More details on Bill Kling’s $100 million, 100-journalists-per-city public-media plan

Media analyst Ken Doctor, who has an excellent relationship with MPR boss Bill Kling, provides more details on the $100-million, 100-journalists-per-city public-media plan Kling floated during his recent retirement announcement. Kling and I chewed through some of these issues last month.

The biggest news for locals, though it’s not a big shock: The Twin Cities is one of four sites actively involved in planning these “digital-first” operations. The others are Kling’s own KPCC in Santa Monica/Los Angeles, plus New York’s WYNC and Chicago’s WBEZ.

If Kling’s plan works, MPR could get 70 additional reporters. That’s a lot — the Pioneer Press newsroom (which MPR has raided frequently) has about 90 editors, reporters and photographers.

Another thing that will perk up newsie ears: “Kling says the positions created ‘would be a very good job for people who love journalism,’ in the six figures with full benefits,” Doctor writes.

I’m not sure precisely how the math works. Kling has forecast $5 million per city per year for five years from big donors and foundations. (After that, local operations have to keep the money flowing.) Divided among 70 additional Minnesota journalists, $5 million works out to $71,428 each — and that doesn’t account for non-salary expenses.

Kling has endured constant criticism of his own high-six-figure compensation, and he might be overpaying here if it’s across the board (not that recipients are going to argue). For example, there are some editors and columnists at the Strib who get six figures, but it wouldn’t take that much to get rock-solid journalists. Pay would be higher if you’re poaching national stars.

(I can’t imagine how MPR veterans would feel about newcomers getting six figures when most of them don’t, and the operation has laid off or reassigned others. Exciting though Kling’s plan is, there are other internal problems with this kind of scalability.)

Kling is nothing if not ambitious: he tells Doctor he hopes to lock down $5 million per year per city for five years before he steps down from MPR and American Public Media Group in June.

While this shouldn’t be a primary concern of citizens, Doctor wonders how Kling will play with newspapers — and existing nonprofits such as NPR, public TV and my own plucky little shop, where MPR has refused to let MinnPost buy sponsorship/ad time. The $100 million has to come from somewhere, and Kling might sop up foundation funds others now depend on.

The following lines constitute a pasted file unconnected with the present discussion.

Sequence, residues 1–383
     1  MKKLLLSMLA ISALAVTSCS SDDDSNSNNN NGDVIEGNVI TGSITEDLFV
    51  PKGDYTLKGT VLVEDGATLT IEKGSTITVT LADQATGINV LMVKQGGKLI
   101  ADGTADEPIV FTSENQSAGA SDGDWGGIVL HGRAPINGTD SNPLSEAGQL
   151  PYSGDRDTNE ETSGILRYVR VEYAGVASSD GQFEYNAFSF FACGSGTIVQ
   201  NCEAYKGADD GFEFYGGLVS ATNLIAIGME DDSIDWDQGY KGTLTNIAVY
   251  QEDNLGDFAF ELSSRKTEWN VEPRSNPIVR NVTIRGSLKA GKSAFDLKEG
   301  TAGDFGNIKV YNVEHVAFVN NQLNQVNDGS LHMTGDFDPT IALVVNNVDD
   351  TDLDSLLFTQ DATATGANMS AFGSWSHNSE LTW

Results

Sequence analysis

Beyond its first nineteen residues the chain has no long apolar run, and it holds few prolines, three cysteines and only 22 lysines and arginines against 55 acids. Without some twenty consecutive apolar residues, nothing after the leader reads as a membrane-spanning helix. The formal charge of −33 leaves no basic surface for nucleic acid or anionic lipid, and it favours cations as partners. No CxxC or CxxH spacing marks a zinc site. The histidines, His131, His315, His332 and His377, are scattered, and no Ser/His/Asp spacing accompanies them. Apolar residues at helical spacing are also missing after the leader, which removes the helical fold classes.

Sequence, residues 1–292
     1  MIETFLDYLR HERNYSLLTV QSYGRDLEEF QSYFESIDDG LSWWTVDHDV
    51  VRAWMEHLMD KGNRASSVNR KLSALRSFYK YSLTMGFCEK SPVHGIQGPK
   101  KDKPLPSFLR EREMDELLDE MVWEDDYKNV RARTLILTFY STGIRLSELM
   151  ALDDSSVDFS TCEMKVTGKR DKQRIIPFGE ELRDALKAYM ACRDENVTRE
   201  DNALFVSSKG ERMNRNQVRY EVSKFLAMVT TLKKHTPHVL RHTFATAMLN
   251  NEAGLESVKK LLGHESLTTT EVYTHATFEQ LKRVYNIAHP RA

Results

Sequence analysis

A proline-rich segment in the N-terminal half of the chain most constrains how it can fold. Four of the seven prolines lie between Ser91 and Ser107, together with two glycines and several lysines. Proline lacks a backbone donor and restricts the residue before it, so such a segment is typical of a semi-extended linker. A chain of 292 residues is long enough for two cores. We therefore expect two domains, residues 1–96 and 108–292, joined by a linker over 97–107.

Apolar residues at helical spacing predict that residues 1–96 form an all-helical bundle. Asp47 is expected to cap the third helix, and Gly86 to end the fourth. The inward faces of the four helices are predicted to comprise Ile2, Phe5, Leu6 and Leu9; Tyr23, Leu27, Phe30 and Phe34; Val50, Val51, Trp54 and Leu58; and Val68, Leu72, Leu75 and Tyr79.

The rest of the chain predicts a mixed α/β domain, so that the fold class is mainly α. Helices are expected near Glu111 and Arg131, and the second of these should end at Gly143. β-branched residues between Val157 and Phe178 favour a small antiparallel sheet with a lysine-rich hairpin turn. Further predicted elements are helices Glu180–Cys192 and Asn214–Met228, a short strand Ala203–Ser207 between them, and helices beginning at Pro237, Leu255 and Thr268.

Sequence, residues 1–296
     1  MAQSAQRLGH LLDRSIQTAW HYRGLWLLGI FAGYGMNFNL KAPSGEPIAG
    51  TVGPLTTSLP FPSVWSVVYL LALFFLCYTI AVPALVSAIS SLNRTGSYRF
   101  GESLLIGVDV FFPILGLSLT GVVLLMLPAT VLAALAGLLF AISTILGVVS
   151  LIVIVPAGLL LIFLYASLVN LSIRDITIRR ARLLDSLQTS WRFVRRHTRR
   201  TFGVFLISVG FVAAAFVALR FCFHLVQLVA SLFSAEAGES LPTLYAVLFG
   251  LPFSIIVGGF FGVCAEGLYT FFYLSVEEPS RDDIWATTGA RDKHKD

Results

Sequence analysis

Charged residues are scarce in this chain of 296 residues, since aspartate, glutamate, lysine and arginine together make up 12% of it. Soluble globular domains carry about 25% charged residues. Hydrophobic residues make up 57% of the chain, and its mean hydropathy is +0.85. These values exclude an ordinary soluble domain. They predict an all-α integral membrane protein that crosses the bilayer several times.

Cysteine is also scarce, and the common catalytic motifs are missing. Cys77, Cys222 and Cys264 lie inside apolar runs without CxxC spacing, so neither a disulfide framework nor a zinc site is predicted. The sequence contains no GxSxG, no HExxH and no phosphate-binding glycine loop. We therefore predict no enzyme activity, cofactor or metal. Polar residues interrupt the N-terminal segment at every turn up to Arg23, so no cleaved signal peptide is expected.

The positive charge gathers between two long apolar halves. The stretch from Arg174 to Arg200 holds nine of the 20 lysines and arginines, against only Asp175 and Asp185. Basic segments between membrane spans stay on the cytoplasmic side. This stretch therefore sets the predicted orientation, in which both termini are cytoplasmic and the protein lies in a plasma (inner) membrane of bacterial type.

Again, though, for all of us who lament shrinking local operations, that might be fine if a truly kick-ass newsroom results.

You can also learn about all our free newsletter options.

Comments (5)

  1. Submitted by Mark Gisleson on 10/13/2010 - 11:45 am.

    This is the same Bill Kling who used to have MPR editors slice and dice the NPR feed so Bill could insert more of his local content into NPR’s news hours, alleviating the need for any kind of local news shows.

    Mr. Brauer, you were wise to do the math. I’ll believe Kling is paying real reporters six figures when MPR manages to produce a local news show that’s not two guys talking about theater once a week, or Gary Eichten complaining about his taxes every weekday.

  2. Submitted by Matthew Steele on 10/13/2010 - 12:27 pm.

    Mark,

    Aren’t the NPR feeds (hourly news, and Morning Edition / ATC) designed to be broken up by local content? I thought that’s the point.

  3. Submitted by Mark Gisleson on 10/13/2010 - 05:07 pm.

    Back in the ’90s MPR would actually take the entire news feed, pick and choose, edit to shorten as they saw fit, and then would run their local news.

    NOT the way NPR liked them to do it, and I believe NPR changed the rules and feed to stop MPR from doing this.

  4. Submitted by Matthew Steele on 10/14/2010 - 12:30 pm.

    It sounds like they have a good system now, with precise segments and plans for when local stations can do their own thing.

    I never realized how much local content we have on MPR (ATC and Morning Edition) until I started traveling for work. In other major cities, the local NPR shop will run the national program straight through except for maybe a little hourly news. Even the bumpers and breaks are much more professionally done with MPR.

  5. Submitted by Mark Gisleson on 10/16/2010 - 01:52 pm.

    The fact that public radio stinks in other places doesn’t excuse MPR for its sins.

    Polished editing is no substitute for actual news coverage. Aside from the legislature and political races, how often does MPR break stories not originating with a press release? Please name some stories in which MPR took the lead in going after a local business, leading citizen or institution engaged in wrongdoing?

    And — my one and only real question — what is Bill Kling’s total compensation for all his MPR and related income? Until MPR goes 100% transparent with their money, what assurance do Minnesotans have that this grand new investigative reporting roll out will not serve hidden agendas?

Leave a Reply